“I was a big fan of Raymond Chandler and Dashiell Hammett growing up. Those two drew upon the archetypal western hero, I think, in creating Phillip Marlowe, Sam Spade, and all those wonderful characters. That had a huge influence on me. I didn’t intend to create a modern-day version of Phillip Marlowe, but that was certainly a big influence… A powerful detective who has his own code of justice and sometimes that complies with what society wants and sometimes it doesn’t. I think that’s reflected honestly in the real work I’ve done on ‘Cold Case Files’ and seen in homicide investigations,” said Harvey, who co-created, wrote and served as executive producer of the Emmy-nominated show “Cold Case Files,” as well as worked as an investigative producer for CBS in Chicago prior to becoming a novelist.

He continued: “There are police detectives out there, who in a good way, keep files under their desks – cases they haven’t solved – and they bring it up every now and then. They work on it quietly when people don’t know they’re working on it. They have a certain dedication and this lone-wolf, dogged determination to get to the bottom of it and find out what happened. I got it in fiction. I got it in non-fiction. It was more of an organic thing and not an unconscious decision to create Michael Kelly in a certain way.”

Additionally, Kelly has a classical languages background and is an avid reader of the works of Ovid, the ancient Roman poet. As the series goes on, Kelly becomes more and more impacted by the violence he encounters that’s visited on women children, according to Harvey.

“I’ve seen people talk about the kind on violence visited upon women – sexually, physically, mentally – and their children. Until you see it, until you go to a crime-scene and see the photos and talk to the victims, and you see what’s actually going on, I don’t think you really understand until you can put a name and a face to that kind of hurt and violence. I think it has an effect on any human being who comes in contact with it. It’s had an effect on me, for sure, in all the cases that I’ve done. And we’re seeing more of that in Kelly. That’s what’s going on with him in ‘The Governor’s Wife,’” explained Harvey.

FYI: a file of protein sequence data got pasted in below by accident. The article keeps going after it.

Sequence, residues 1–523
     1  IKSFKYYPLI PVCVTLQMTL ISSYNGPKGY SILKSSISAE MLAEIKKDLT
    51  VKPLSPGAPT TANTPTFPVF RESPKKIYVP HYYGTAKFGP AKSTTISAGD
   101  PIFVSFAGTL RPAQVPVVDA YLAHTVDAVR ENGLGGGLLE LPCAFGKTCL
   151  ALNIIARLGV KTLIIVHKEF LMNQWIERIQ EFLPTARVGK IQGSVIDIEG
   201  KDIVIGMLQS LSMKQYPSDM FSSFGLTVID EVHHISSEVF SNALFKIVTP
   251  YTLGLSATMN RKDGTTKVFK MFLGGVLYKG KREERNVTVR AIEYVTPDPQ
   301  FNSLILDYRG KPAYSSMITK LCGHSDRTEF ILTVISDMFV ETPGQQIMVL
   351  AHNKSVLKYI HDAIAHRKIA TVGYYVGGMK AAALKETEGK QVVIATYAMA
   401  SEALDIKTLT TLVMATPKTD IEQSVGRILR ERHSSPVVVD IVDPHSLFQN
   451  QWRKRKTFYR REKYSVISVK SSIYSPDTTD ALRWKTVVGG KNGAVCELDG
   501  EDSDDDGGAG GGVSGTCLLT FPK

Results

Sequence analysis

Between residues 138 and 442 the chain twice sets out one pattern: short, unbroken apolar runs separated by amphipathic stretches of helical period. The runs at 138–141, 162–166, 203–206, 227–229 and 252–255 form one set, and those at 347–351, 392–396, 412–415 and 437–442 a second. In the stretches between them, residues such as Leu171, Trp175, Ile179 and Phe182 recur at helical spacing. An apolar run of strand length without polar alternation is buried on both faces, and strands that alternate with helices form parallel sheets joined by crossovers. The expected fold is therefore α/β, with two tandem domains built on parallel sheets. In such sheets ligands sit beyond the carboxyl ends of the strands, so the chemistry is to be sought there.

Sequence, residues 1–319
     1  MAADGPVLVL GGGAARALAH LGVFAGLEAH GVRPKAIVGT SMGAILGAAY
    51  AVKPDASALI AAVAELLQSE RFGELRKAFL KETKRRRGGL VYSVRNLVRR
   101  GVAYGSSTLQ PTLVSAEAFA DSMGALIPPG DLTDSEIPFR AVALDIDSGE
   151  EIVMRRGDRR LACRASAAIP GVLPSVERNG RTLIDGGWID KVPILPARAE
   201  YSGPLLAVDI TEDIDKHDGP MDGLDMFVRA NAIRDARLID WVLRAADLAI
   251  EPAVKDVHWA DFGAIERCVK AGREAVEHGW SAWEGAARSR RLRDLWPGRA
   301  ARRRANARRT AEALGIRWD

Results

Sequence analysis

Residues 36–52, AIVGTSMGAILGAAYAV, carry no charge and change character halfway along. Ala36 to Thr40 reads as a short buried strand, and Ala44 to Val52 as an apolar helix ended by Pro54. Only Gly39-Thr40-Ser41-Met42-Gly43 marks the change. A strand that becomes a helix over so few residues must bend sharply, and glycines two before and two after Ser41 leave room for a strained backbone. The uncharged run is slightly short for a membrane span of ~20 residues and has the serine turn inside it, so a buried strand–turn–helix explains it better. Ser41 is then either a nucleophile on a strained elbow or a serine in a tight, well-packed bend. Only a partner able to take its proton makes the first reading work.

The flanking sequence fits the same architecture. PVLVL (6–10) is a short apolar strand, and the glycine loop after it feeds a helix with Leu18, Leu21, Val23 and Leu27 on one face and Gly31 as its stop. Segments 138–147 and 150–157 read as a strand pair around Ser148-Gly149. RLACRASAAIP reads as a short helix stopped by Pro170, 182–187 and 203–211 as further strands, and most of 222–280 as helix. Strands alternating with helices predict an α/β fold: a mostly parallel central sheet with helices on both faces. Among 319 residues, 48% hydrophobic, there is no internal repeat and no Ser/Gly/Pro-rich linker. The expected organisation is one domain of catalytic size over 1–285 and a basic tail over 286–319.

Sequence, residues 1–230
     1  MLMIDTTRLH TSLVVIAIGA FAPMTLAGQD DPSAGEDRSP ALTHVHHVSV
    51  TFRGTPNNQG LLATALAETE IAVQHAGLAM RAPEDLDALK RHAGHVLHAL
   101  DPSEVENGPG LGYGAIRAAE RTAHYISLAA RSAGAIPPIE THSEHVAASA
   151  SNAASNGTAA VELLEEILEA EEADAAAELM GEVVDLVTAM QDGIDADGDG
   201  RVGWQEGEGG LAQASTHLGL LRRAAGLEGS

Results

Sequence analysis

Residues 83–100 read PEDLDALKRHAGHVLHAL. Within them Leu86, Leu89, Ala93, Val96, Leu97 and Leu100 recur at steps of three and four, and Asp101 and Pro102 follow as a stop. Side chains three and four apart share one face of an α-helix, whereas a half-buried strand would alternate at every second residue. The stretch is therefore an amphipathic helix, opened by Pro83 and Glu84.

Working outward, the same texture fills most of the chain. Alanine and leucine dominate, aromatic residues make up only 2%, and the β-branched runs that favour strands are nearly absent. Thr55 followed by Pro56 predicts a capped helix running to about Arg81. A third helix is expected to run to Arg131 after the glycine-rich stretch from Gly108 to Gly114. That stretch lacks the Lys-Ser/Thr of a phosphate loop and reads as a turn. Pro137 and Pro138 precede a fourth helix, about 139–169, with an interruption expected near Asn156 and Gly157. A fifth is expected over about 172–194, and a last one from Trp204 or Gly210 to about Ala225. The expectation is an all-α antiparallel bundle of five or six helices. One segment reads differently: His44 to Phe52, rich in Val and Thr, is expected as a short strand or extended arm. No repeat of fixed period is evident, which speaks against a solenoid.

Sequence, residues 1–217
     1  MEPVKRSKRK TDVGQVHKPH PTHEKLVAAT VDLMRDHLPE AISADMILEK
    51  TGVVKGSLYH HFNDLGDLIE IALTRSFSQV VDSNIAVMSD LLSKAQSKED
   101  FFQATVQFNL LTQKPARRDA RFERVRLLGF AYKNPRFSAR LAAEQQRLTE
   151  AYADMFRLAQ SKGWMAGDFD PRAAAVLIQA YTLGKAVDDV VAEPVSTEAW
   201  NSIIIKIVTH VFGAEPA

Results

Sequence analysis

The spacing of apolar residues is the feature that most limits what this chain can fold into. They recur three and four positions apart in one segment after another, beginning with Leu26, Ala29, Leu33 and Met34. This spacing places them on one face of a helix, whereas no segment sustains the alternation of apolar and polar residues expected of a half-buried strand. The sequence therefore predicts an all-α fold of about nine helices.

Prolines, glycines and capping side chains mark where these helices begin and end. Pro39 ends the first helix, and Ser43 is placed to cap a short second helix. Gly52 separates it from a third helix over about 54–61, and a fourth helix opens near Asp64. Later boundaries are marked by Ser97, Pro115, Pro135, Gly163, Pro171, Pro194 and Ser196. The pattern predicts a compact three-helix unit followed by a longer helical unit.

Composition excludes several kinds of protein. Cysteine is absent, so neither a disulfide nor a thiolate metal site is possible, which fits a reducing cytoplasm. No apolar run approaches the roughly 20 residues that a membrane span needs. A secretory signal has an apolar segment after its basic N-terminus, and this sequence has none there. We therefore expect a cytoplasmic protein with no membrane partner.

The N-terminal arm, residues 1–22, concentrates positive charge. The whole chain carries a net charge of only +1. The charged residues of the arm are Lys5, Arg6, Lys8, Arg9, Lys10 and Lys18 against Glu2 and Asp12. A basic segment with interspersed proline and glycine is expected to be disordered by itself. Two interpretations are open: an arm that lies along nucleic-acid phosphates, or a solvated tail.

His next novel, slated for a 2016 release, is a standalone that occurs in Harvey’s native Boston, called “Brighton.” It centers around two teen-agers involved in a crime with racial overtones. In the aftermath, one must leave while the other stays. After 25 years pass, the one who left goes on to win the Pulitzer Prize for investigative reporting and returns to the neighborhood for the first time since that fateful night.

“When you grow up in Boston, it’s in your bones. You never get away from it,” he said.

“Brighton” – named after the working class, blue-collar neighborhood in Boston – has already been optioned by Graham King, who produced 2006’s “The Departed” and 2010’s “The Town” (both of which occur in Boston), and it’s not even been published yet.

Robin Agnew, co-owner of Aunt Agatha’s, is looking forward to Harvey’s visit this weekend. This isn’t Harvey’s first time to Ann Arbor. Last fall, he was on a panel with Whitmore Lake novelist Loren D. Estleman at Kerrytown Book Fest in Ann Arbor, an event sponsored by Agnew.

“Michael Harvey is one of the best, pure private eye writers in the biz and he tells a great story,” said Agnew. “Plus, his Michael Kelly is the only P.I. I can think of who reads Ovid!”